Shepherd your people with your staff, the flock that belongs to you, which lives alone in a forest in the midst of a garden land; let them feed in Bashan and Gilead as in the days of old. As in the days when you came out of the land of Egypt, show us marvellous things.
Who is a God like you, pardoning iniquity and passing over the transgression of the remnant of your possession? He does not retain his anger forever, because he delights in showing clemency. He will again have compassion upon us; he will tread our iniquities under foot. You will cast all our sins into the depths of the sea. You will show faithfulness to Jacob and unswerving loyalty to Abraham, as you have sworn to our ancestors from the days of old.
O Lord, you once favoured your land;
you have brought back the captives of Jacob.
You have forgiven the guilt of your people;
you have covered all their sins.
You have withdrawn all your wrath;
you have revoked your burning anger. (R./)
Restore us, O God our saviour,
and abandon your displeasure against us.
Will you be ever angry with us,
prolonging your anger to all generations? (R./)
Will you not restore again our life;
and shall not your people rejoice in you?
Show us, O Lord, your kindness,
and grant us your salvation. (R./)
While he was still speaking to the crowds, his mother and his brothers were standing outside, wanting to speak to him. Someone told him, "Look, your mother and your brothers are standing outside, wanting to speak to you." But to the one who had told him this, Jesus replied, "Who is my mother, and who are my brothers?" And pointing to his disciples, he said, "Here are my mother and my brothers! For whoever does the will of my Father in heaven is my brother and sister and mother."
The final prayer in Micah tells of Israel's liberation and journey towards the Promised Land, and stresses Israel's separateness from all other nations. Matthew, on the contrary, sees Jesus forming a new family of outsiders, based on "whoever does the will of my Father." This qualification enables Christianity to form a chosen people from among all nations and races, with no exclusivity.
The Old Testament often seems restrictive and biased, yet we remember that unless we first rally together in a strong family bond, we will have little to share with others. Only a loving family can open its doors freely to neighbours and outsiders. Wisely, the Church reveres both Testaments, the Old and the New, as forming one Bible of God's inspired word.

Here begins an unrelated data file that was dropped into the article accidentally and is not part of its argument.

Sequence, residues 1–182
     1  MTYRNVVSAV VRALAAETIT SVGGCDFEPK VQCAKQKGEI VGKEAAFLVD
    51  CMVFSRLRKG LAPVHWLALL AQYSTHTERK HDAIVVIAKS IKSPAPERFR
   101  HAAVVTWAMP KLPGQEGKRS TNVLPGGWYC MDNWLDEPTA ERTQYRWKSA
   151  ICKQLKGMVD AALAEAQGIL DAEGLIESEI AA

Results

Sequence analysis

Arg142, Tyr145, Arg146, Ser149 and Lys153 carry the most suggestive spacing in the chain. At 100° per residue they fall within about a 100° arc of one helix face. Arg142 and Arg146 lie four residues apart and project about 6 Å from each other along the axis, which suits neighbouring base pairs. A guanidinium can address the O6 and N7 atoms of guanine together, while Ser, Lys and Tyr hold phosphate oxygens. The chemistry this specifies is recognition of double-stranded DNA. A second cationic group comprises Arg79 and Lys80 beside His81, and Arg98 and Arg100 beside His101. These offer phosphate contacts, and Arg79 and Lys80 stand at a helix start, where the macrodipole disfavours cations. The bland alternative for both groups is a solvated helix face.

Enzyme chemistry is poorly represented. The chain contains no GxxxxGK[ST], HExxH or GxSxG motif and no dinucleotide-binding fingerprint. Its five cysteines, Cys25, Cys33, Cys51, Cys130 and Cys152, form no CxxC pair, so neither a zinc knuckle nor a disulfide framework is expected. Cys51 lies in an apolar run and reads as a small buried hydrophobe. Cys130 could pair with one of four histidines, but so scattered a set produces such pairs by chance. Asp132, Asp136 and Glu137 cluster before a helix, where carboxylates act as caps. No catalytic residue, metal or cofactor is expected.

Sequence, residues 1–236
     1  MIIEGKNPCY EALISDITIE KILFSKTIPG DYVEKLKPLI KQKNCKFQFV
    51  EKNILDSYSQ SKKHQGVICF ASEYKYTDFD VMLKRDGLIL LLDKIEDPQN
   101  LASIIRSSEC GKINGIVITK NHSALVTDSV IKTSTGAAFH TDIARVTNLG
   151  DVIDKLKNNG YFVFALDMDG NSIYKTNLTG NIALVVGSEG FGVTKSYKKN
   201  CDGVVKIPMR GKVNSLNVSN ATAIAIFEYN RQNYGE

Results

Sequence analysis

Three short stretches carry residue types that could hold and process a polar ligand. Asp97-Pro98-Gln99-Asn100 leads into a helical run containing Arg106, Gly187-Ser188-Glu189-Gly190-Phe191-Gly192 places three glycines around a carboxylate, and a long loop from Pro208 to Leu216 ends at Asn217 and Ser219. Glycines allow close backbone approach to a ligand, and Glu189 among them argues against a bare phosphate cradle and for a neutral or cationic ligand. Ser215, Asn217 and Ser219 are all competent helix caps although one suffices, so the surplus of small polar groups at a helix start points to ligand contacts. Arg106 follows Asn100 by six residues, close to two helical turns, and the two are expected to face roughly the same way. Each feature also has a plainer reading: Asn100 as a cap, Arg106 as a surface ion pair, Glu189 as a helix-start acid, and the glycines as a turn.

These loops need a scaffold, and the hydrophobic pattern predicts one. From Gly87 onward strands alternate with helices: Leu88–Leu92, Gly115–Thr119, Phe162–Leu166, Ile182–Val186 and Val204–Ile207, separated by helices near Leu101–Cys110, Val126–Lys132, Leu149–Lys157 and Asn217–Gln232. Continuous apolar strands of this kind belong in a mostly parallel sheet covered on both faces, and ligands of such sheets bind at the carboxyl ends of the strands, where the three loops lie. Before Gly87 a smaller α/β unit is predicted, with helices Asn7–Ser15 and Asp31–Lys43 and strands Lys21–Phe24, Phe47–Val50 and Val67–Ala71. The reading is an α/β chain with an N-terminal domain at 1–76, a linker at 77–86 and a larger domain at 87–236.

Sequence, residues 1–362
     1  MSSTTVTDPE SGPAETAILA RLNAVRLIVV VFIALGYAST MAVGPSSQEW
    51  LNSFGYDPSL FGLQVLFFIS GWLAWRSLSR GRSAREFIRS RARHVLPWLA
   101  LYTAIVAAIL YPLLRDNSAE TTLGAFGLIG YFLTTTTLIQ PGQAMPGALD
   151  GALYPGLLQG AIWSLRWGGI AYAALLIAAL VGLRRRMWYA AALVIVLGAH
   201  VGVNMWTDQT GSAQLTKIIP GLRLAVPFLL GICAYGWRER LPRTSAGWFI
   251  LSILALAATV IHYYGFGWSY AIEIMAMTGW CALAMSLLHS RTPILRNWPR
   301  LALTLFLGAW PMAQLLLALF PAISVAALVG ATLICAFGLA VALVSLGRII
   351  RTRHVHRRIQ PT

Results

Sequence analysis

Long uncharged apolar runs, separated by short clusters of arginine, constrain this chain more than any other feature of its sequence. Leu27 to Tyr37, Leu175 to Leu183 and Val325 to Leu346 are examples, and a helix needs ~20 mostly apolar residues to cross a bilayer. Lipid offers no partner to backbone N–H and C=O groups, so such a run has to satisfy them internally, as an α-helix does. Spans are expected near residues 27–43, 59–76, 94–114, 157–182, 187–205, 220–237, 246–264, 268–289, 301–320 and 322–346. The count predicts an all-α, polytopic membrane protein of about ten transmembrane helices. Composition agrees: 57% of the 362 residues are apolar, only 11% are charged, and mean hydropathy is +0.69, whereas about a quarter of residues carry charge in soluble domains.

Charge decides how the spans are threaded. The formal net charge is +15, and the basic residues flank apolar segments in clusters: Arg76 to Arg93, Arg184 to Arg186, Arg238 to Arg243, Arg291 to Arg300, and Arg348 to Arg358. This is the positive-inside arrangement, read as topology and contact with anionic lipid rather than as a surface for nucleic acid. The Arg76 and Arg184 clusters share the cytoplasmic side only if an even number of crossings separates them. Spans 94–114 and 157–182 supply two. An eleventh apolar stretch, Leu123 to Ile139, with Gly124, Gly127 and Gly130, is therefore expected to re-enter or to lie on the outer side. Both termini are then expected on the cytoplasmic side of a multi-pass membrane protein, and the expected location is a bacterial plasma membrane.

In today's reading God is trusted to "show faithfulness to Jacob, and grace to Abraham." This prayer, tacked on to Micah's prophecy, was composed after Israel returned from the Babylonian exile, with the people still reeling from this traumatic event. They beg for a renewal of the days of Moses, and for the wonderful signs God showed to their ancestors. But in this period of regrouping they felt it necessary to exclude all outsiders. Verses 16 and 17, omitted from today's reading, are harsh towards the foreigners; for Israel first had to recover its identity in order to later open its doors and have something worthwhile to share.
Jesus opened the doors, heroically and at great cost even to his mother Mary. When his mother and brothers were seeking to speak with him, Jesus seems to pass them by. Extending his hands to the circle of his disciples, he said, "These are my mother and my brothers. Whoever does the will of my heavenly Father is brother and sister and mother to me."
We all value our families. As we get older we might not see them as often as we once did, but they still matter a great deal to us. They say blood is thicker than water. When a family member is in difficulty, we will generally gather around him or her to give support. The gospels don't tell us a great deal really about Jesus' family. Yet, when they do mention his family, they give the impression that there was often tension between Jesus and his blood family. In this morning's gospel, Jesus' family, including his mother, were standing outside where Jesus was speaking, anxious to have a word with him. They were trying to get his attention, perhaps even trying to get him home, away from the crowds that were always pursuing him. However, on this occasion Jesus stood his ground; he didn't go with his family. Rather, he redefined who his family really were. He identifies his disciples as his family, and declares that all those who do the will of his heavenly Father are now his family. As disciples we are all brothers and sisters of the Lord, and of each other, and sons and daughters of God. This is the new family that Jesus came to form, and what distinguishes this family is the desire to do the will of God as Jesus has revealed that to us by his words and by his life. That is why, together, as members of the Lord's family, we pray, 'Thy will be done, on earth as it is in heaven.'